Ode to New Jersey

Mindowaskin Park, Westfield, NJ

Yes, this is New Jersey. (Specifically Mindowaskin Park in walkable downtown Westfield.)

Post by Nancy LeaMond, AARP: 

All you have to do is say you’re from New Jersey and someone will ask, “What exit?”

I’m a proud New Jersey native. 

I grew up in Millburn, a north Jersey town not far from Manhattan. I lived there through high school, and I return often to visit friends and family. Even though I’m a Maryland gal now, there will always be a special place in my heart for the Garden State, which is why it’s hard to see New Jersey get such a bad rap.

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From MTV’s Jersey Shore to Tony Soprano to traffic jams on the Jersey Turnpike, the state experiences its share (I would say unfair share) of negative perceptions and stereotypes, many perpetuated by pop cultural references like those depicted in this year’s Oscar-nominated film American Hustle. Don’t get me wrong, I liked the movie – but it didn’t exactly present an idyllic image of my home state.

That’s why I wanted to do a blog post about the other side of Jersey. I could go on and on about the people, the innovation, the strong economy. But given that this is a livable communities blog, I’d like to tell you about some of the wonderful towns that lead the way in being livable communities for all ages.

Westfield is a good example. The town of 30,000 was originally settled as a village in the early 18th century (remember, New Jersey is one of our nation’s 13 original colonies). Westfield’s colonial village has since become a thriving downtown, which was recognized by the American Planning Association’s New Jersey chapter as one of its “Great Places” designees for 2013. The APA referred to the downtown as a “centerpiece in the everyday life of this community.” Westfield has a multiscreen movie theater (the Rialto), mom-and-pop shops and national retailers, lots of dining options, several grocers and houses of worship, a public library, a Manhattan-bound train station, a community swimming pool and numerous parks – all in or near the walkable downtown.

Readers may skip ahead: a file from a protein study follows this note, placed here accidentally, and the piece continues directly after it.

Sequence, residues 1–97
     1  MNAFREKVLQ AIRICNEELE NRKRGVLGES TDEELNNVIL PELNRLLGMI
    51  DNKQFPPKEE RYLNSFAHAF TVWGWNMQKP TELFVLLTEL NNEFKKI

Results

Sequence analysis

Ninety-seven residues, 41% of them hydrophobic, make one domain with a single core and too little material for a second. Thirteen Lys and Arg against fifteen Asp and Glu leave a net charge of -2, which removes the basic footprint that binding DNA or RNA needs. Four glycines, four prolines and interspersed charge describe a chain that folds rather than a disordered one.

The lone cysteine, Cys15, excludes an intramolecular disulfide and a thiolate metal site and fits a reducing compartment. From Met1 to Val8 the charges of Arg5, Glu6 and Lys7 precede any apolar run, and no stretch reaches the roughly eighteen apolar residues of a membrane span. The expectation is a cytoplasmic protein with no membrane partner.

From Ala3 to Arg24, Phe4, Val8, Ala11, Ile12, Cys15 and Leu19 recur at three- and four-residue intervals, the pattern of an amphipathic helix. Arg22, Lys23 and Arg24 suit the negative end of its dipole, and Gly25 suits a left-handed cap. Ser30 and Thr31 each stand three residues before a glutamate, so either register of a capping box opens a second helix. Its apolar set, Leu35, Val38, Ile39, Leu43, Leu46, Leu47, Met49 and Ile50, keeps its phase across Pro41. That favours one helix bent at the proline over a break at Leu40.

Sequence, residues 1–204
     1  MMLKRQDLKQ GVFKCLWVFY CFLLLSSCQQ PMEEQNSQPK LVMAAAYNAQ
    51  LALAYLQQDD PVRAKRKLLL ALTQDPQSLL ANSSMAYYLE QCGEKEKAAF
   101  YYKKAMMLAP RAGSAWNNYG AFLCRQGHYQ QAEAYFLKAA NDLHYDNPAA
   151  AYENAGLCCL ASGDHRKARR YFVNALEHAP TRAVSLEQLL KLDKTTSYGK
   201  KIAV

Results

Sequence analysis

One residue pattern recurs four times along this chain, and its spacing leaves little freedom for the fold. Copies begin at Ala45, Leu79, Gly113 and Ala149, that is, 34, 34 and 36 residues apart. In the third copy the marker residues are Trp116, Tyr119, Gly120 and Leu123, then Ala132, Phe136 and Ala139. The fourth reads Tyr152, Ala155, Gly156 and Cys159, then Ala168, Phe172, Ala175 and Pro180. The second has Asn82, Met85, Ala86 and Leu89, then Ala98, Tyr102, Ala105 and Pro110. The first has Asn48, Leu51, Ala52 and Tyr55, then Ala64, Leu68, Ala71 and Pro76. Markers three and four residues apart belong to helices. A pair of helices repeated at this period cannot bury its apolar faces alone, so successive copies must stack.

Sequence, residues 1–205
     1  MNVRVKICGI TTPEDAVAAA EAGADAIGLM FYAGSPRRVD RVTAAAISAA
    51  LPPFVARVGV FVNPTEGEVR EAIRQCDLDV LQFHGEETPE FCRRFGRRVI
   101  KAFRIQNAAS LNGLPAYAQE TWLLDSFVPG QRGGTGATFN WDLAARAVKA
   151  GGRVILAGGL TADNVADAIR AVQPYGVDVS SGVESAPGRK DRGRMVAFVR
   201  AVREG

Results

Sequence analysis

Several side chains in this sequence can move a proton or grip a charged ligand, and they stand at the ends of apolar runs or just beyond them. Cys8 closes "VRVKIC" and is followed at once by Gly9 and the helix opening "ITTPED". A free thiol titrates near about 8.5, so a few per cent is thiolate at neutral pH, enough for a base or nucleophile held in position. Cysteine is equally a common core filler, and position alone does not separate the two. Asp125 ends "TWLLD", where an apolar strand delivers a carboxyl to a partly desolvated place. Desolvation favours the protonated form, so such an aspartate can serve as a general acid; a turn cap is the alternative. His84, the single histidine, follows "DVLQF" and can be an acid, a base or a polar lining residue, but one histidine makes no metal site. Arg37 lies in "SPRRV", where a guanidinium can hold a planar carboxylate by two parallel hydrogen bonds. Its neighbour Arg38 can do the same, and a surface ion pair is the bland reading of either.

Then there’s Ridgewood, 30 miles up the road. A couple years ago, the town was named by CNN as 26th on its “Top 100 Places to Live” list. In addition to having a vibrant downtown, Ridgewood offers programs geared toward an intergenerational crowd. For example, the Ridgewood Community Center offers programs and classes for age 55-plus residents, with a dedicated bus that runs on Tuesdays and Thursdays. The public library provides seminars and events for residents of all ages.

Montclair is another wonderful, walkable community and 2013 APA “Great Places” designee. A “railroad suburb” that began attracting commuters in 1856, the town has theaters, an art museum, 175 acres of parkland and an active downtown. Montclair was honored at the New Jersey Department of Transportation Complete Streets Summit in 2013 for its efforts to develop bicycle- and pedestrian-friendly roads. (Montclair was the first municipality in the state to adopt a Complete Streets policy, in 2009.)

Not to mention, Montclair is home to the New Jersey Jackals and their Yogi Berra Stadium – named after the famed Yankees player, manager and commentator.  Yogi knew a thing or two about community. As he said, “Little League baseball is a very good thing because it keeps the parents off the streets.”

I’ve mentioned just a few of New Jersey’s great downtowns. There’s also Maplewood, Morristown and so many more. (Check out what NJ.com heard when it asked readers to name their favorites.)

The next time you think about New Jersey, try to see past the turnpike and consider the many standout communities that promote and practice livability – making it a great place to live.

P.S. Exit 11, by the way …

You May Also Like: Why Sidewalks Matter


Nancy LeaMond, AARPNancy LeaMond, AARP executive vice president, State and National Group, leads government affairs and campaigns for AARP and has responsibility for the AARP livable communities portfolio, which includes transportation and housing initiatives in states, cities and communities nationwide. Follow her on Twitter @NancyLeaMond.

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Westfield photo by Melissa Stanton


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